Standing apart from his tech sector peers, Microsoft’s Bill Gates is defending the US government in its ongoing dispute with Apple over iPhone privacy, calling for a more nuanced understanding of privacy and safety.
In an interview with the Financial Times published Monday, Mr. Gates addressed Apple’s refusal to create a software that would enables the FBI to break into the locked iPhone of one of the San Bernardino attackers.
Although he clarified that he doesn't explicitly support the FBI's position during an appearance on Bloomberg TV Tuesday morning, Gates is still taking a much more moderate approach than many of his fellow tech moguls.
"This is a specific case where the government is asking for access to information. They are not asking for some general thing, they are asking for a particular case," he said in the initial interview.
In a further discussion of the matter with Bloomberg, Gates said he is “disappointed” by reports that he backs the FBI over Apple. “That doesn’t state my view on this,” he said.
“I do believe that, with the right safeguards, there are cases where the government, on our behalf – like stopping terrorism, which could get worse in the future – that that is valuable,” he said.
“But striking that balance,” he added, may be a complicated matter, given the American government's track record for abusing private information, such as during the tenure of J. Edgar Hoover.
This current dispute began last week, when a federal judge ordered Apple to modify its software to make it easier for the FBI to retrieve data from the locked iPhone 5C used by Syed Rizwan Farook, who was killed with his wife in a gun battle with police after fatally shooting 14 people in San Bernardino, Calif., two months ago.
But Apple CEO Tim Cook has pushed back, arguing that allowing the FBI such access would be a slippery slope toward privacy infringement on a broader level. Other high-profile Silicon Valley executives agree. Among them are Facebook founder and CEO Mark Zuckerberg, Twitter founder Jack Dorsey, and Google CEO Sundar Pichai.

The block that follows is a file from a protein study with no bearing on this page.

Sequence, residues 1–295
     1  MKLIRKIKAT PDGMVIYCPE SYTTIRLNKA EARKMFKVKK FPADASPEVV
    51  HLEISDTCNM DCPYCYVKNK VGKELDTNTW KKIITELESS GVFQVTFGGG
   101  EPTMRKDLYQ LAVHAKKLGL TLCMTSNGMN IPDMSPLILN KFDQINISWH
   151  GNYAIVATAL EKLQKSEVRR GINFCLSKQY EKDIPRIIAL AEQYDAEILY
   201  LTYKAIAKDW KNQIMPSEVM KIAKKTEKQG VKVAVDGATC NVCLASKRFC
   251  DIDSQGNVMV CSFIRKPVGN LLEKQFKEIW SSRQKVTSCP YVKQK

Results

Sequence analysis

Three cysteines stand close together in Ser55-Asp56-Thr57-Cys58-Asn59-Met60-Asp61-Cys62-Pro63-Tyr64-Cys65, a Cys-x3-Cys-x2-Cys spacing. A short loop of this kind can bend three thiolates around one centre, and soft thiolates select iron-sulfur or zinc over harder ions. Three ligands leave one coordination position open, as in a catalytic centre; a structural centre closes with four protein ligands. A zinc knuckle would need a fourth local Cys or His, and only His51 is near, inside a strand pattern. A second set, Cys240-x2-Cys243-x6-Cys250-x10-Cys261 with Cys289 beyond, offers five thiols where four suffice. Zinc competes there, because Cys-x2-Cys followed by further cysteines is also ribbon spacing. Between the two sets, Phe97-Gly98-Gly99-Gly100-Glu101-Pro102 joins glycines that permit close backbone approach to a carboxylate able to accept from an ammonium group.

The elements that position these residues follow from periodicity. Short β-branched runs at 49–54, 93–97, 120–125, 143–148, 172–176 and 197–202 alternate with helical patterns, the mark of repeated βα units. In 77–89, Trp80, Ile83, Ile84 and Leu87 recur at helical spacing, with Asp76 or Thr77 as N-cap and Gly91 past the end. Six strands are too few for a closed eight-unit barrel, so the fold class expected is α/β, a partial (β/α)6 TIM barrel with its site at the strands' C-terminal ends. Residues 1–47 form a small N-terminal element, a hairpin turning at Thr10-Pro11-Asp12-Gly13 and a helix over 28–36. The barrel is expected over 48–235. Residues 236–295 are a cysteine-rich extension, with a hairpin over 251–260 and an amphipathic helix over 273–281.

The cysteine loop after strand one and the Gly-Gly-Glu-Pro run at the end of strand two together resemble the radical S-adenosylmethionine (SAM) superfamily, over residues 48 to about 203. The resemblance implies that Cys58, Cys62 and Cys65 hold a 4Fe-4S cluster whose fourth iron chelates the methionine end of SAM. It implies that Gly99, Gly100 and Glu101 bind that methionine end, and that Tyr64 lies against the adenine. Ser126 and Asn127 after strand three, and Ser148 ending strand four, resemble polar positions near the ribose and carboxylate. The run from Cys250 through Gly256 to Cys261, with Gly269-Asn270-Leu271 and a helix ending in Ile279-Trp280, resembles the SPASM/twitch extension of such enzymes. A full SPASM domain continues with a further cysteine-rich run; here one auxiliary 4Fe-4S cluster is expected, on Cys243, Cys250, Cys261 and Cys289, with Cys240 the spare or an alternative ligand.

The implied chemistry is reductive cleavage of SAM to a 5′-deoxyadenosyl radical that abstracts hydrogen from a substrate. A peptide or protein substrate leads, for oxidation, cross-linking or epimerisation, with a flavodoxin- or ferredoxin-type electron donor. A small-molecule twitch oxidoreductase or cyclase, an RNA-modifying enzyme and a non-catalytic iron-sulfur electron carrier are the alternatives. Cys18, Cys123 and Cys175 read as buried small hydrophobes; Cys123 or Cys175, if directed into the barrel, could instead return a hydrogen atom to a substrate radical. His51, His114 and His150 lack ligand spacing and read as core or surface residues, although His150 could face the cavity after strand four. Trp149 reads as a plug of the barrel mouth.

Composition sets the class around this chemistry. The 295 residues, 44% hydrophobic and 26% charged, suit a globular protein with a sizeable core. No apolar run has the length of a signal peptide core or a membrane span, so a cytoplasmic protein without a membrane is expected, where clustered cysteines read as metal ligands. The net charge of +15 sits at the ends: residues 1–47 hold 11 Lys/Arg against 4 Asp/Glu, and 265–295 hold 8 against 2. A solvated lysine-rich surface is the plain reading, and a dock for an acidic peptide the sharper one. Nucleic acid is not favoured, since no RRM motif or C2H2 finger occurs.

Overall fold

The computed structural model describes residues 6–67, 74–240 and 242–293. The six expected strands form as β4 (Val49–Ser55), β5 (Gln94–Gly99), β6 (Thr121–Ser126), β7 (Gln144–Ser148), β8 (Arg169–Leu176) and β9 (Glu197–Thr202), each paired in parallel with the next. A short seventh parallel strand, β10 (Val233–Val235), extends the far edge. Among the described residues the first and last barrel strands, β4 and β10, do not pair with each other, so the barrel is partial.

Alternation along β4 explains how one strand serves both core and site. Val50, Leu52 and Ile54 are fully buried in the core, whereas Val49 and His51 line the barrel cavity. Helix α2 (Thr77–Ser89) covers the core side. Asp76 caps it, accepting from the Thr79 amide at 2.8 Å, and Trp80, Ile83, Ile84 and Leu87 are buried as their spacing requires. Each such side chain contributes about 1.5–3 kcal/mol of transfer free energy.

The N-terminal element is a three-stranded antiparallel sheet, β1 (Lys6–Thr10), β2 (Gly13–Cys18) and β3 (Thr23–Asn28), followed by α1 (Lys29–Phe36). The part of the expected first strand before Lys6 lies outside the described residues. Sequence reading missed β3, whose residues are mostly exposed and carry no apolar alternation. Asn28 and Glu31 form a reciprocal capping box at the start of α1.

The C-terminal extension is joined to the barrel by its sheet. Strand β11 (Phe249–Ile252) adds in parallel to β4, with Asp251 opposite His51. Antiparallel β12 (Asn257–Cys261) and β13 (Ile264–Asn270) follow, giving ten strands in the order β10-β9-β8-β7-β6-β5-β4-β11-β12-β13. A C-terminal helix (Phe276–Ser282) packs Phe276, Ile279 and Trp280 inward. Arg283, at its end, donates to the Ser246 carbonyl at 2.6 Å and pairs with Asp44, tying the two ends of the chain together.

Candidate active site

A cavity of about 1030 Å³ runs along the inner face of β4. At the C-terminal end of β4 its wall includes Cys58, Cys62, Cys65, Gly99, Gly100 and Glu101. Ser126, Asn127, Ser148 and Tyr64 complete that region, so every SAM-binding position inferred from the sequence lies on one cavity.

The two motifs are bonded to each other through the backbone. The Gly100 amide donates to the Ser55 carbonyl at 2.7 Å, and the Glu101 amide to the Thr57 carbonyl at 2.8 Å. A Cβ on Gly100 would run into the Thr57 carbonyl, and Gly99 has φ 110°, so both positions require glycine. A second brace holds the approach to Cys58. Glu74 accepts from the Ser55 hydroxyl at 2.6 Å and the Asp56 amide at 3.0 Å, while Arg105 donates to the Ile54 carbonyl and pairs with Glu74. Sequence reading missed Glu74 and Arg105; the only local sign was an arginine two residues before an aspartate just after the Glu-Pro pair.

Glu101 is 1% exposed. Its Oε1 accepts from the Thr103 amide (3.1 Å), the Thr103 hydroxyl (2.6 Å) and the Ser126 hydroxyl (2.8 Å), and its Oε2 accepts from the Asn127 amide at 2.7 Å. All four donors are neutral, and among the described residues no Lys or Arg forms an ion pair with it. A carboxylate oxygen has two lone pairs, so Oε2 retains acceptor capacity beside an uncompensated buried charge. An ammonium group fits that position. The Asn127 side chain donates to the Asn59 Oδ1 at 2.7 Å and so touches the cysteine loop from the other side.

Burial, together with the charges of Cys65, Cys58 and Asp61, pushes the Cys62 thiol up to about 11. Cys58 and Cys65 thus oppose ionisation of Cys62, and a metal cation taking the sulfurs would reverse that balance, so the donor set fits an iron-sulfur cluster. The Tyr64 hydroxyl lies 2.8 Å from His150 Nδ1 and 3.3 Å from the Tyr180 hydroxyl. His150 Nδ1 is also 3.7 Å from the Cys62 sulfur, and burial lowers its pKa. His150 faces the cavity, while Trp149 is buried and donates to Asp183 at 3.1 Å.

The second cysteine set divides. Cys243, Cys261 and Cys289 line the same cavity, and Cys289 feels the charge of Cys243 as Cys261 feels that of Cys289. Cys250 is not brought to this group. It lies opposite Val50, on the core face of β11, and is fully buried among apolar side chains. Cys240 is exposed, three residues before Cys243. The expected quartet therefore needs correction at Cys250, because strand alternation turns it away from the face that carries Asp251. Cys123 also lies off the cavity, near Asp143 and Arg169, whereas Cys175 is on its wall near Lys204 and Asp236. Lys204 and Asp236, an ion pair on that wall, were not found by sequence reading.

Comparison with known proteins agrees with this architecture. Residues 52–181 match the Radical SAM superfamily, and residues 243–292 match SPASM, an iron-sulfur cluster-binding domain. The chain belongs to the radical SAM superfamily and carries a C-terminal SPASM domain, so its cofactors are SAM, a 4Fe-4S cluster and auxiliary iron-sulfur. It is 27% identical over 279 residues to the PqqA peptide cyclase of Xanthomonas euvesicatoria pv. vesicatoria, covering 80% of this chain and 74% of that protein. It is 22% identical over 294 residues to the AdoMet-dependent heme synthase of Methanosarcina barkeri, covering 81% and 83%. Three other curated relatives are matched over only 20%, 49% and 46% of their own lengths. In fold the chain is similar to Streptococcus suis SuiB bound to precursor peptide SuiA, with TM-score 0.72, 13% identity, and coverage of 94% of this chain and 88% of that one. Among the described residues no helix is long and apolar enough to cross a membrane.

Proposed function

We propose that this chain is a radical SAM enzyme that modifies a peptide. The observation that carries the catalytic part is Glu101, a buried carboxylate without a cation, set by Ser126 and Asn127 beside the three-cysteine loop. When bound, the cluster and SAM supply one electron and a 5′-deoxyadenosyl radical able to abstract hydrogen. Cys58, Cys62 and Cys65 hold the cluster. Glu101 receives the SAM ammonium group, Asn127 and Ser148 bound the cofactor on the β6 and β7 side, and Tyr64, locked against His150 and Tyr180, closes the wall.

Mr. Cook addressed Apple employees in a memo Monday, saying that “the data security of hundreds of millions of law-abiding people” is at stake, and that complying with the FBI would be “setting a dangerous precedent that threatens everyone’s civil liberties.”
“This case is about much more than a single phone or a single investigation, so when we received the government’s order we knew we had to speak out,” he wrote.
Gates, on the other hand, likened the scenario to allowing the government to get ahold of bank statements or phone records: “Let’s say the bank had tied a ribbon round the disk drive and said, ‘Don’t make me cut this ribbon because you’ll make me cut it many times.’”
The FBI denies the claim that access to the San Bernardino shooter’s phone will be a far-reaching assault to encryption in general.
"We simply want the chance, with a search warrant, to try to guess the terrorist's passcode without the phone essentially self-destructing and without it taking a decade to guess correctly. That’s it," FBI director James Comey said in a blog Sunday. "We don't want to break anyone’s encryption or set a master key loose on the land."
Meanwhile, protesters across the world are rallying behind Cook. Digital rights group Fight for the Future has planned demonstrations in locations including San Francisco, Los Angeles, Apple's Silicon Valley headquarters, and the FBI's headquarters in Washington, D.C.
The nation as a whole is divided on the issue. According to a survey conducted by Pew Research Center t this week, 51 percent of respondents said Apple should unlock the iPhone to help the ongoing FBI investigation, while 38 percent said the opposite. Eleven percent of people offered no opinion.
As the dispute continues, Gates offers an optimistic view: The discord between Apple and the government has opened up the floor for a much-needed discussion on the wider issue of the balance between privacy and counterterrorism.
“The courts are going to decide this,” he said on Bloomberg, but “in the meantime, that gives us this opportunity to get the discussion [started]."
“The minute after a terrorist event," is the wrong time to kick off such a discussion, he said, acknowledging the tendency of a frightened populace to "swing in the direction" of surrendering civil liberties in exchange for a feeling of security. "Nor do you want to completely swing away from government access" as soon as an instance of abuse is revealed, he added.
"You want to strike that balance."